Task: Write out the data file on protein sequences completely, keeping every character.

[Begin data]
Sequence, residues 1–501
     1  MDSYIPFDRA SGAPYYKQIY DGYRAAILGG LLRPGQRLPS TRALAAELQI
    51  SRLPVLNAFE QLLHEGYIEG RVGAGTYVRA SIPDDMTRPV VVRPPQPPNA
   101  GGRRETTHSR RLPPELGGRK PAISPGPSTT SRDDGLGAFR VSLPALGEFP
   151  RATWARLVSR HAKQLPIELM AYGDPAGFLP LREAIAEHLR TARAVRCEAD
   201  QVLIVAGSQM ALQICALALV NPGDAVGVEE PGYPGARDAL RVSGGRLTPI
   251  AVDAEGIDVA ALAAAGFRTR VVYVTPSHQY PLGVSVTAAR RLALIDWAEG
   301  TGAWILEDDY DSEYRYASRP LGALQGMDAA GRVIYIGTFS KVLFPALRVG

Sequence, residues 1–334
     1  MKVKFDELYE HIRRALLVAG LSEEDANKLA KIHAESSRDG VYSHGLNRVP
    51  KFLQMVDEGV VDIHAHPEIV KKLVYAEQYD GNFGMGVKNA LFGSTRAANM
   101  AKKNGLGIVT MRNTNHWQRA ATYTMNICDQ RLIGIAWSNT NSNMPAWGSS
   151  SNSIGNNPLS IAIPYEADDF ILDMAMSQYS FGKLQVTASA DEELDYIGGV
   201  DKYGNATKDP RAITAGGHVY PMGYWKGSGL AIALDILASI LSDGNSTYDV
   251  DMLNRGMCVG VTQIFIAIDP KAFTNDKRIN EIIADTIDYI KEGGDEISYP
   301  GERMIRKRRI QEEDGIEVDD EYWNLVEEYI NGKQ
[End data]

Sequence, residues 1–501
     1  MDSYIPFDRA SGAPYYKQIY DGYRAAILGG LLRPGQRLPS TRALAAELQI
    51  SRLPVLNAFE QLLHEGYIEG RVGAGTYVRA SIPDDMTRPV VVRPPQPPNA
   101  GGRRETTHSR RLPPELGGRK PAISPGPSTT SRDDGLGAFR VSLPALGEFP
   151  RATWARLVSR HAKQLPIELM AYGDPAGFLP LREAIAEHLR TARAVRCEAD
   201  QVLIVAGSQM ALQICALALV NPGDAVGVEE PGYPGARDAL RVSGGRLTPI
   251  AVDAEGIDVA ALAAAGFRTR VVYVTPSHQY PLGVSVTAAR RLALIDWAEG
   301  TGAWILEDDY DSEYRYASRP LGALQGMDAA GRVIYIGTFS KVLFPALRVG

Sequence, residues 1–334
     1  MKVKFDELYE HIRRALLVAG LSEEDANKLA KIHAESSRDG VYSHGLNRVP
    51  KFLQMVDEGV VDIHAHPEIV KKLVYAEQYD GNFGMGVKNA LFGSTRAANM
   101  AKKNGLGIVT MRNTNHWQRA ATYTMNICDQ RLIGIAWSNT NSNMPAWGSS
   151  SNSIGNNPLS IAIPYEADDF ILDMAMSQYS FGKLQVTASA DEELDYIGGV
   201  DKYGNATKDP RAITAGGHVY PMGYWKGSGL AIALDILASI LSDGNSTYDV
   251  DMLNRGMCVG VTQIFIAIDP KAFTNDKRIN EIIADTIDYI KEGGDEISYP
   301  GERMIRKRRI QEEDGIEVDD EYWNLVEEYI NGKQ